The majority of the MPC members are most likely to agree to a status quo position on both the repo rate and stance. This is so because the inflation situation still looks hazy even though the headline number has come within the range of less than 5% in the last few months. The heatwave has triggered fresh increase in prices of vegetables, especially potatoes. This will continue to pressurise food prices. The water reservoir levels are also down to 25% of full capacity compared with 32% last year. Also several FMCG companies have increased the prices of several products which will get reflected in core inflation. The MPC will track the arrival of the monsoon and its progress before taking a view on potential inflation. The big comfort factor today is that growth appears to be robust across sectors and hence will not be an inhibiting factor on taking any decision on interest rates.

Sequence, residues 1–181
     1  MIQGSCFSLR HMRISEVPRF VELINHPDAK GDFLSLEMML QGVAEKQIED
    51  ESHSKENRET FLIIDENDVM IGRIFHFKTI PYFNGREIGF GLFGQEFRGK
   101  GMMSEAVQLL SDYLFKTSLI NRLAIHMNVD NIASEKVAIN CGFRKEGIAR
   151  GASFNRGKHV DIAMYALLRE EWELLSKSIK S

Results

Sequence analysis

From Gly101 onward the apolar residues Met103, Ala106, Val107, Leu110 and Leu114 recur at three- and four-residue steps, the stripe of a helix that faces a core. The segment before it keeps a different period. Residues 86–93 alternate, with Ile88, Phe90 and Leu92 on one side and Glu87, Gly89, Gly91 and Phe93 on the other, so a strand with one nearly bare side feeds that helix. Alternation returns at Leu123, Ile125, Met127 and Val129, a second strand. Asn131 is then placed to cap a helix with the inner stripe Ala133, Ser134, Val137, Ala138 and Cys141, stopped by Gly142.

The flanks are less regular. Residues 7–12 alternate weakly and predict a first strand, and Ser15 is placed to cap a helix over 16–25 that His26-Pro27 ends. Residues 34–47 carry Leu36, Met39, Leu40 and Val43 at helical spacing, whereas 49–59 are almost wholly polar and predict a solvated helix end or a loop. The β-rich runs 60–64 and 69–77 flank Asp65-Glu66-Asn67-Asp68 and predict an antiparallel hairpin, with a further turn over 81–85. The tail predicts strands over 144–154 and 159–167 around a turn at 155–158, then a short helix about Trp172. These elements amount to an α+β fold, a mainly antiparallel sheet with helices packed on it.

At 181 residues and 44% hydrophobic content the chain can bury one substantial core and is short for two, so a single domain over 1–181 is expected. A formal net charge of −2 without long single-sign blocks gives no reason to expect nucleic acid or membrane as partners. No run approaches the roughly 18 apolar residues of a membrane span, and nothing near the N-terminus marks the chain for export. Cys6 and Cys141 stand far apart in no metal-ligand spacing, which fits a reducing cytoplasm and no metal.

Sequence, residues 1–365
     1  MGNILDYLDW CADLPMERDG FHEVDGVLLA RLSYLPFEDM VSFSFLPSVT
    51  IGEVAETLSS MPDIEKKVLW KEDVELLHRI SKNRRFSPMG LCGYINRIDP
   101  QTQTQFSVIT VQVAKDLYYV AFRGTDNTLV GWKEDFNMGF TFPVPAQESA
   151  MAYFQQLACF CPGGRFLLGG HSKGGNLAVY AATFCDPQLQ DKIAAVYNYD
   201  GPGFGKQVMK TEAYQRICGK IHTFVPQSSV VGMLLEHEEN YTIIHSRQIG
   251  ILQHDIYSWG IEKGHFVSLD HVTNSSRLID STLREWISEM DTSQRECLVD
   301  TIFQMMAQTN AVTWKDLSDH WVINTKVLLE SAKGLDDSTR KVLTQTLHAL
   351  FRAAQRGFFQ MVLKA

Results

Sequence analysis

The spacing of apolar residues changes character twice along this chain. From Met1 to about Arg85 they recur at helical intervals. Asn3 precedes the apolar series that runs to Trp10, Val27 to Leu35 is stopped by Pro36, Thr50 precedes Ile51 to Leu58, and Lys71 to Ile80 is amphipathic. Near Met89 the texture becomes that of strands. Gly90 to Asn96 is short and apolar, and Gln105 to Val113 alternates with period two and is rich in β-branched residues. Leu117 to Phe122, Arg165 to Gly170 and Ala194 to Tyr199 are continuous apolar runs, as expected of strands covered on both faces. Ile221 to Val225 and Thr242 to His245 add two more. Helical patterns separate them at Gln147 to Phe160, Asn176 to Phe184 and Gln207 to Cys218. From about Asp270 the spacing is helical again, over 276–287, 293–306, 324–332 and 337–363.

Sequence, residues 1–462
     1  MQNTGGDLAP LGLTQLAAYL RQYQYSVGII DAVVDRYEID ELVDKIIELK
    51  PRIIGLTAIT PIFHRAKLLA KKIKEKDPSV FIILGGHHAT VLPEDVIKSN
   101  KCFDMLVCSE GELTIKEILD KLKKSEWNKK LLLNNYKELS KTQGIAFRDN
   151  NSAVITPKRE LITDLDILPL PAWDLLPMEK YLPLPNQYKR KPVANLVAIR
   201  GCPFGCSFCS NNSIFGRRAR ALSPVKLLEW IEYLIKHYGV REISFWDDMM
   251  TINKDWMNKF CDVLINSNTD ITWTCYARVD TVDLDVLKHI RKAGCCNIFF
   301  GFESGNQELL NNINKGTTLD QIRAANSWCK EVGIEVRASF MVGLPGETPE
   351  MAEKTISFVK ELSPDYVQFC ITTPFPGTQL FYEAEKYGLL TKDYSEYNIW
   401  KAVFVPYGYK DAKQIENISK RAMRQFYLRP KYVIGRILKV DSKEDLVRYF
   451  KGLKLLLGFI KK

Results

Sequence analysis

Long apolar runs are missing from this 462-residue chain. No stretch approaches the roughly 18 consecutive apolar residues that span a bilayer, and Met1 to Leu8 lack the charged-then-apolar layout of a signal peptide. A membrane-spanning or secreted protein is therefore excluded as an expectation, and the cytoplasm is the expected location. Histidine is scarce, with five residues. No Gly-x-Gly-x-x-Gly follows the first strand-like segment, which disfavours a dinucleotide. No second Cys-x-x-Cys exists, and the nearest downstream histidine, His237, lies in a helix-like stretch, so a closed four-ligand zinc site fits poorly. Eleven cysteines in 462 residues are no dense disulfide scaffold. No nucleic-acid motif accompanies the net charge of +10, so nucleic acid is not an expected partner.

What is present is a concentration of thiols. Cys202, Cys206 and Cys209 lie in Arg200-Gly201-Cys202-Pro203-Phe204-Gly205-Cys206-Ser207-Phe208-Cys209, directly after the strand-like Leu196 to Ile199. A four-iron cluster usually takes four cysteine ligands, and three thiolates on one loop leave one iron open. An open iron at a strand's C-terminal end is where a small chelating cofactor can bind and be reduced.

The second big announcement would be in the realm of the budget, and this is something which will be awaited. While manifestoes of all leading parties have common ground when it comes to expenditures, issues relating to taxation could be something which the companies would be watching closely. This can potentially be reflected in the stock index movements as there are divergent views on issues like wealth tax and inheritance tax. Industry generally prefers the status quo situation in case there is limited space available for sops.

But from the point of view of macroeconomics, there would be some issues on the table as the Budget would have to do something to spur both consumption and savings, and not depend entirely on the monsoon to further rural demand. It has been seen that consumption has been lagging in the last three years especially for goods.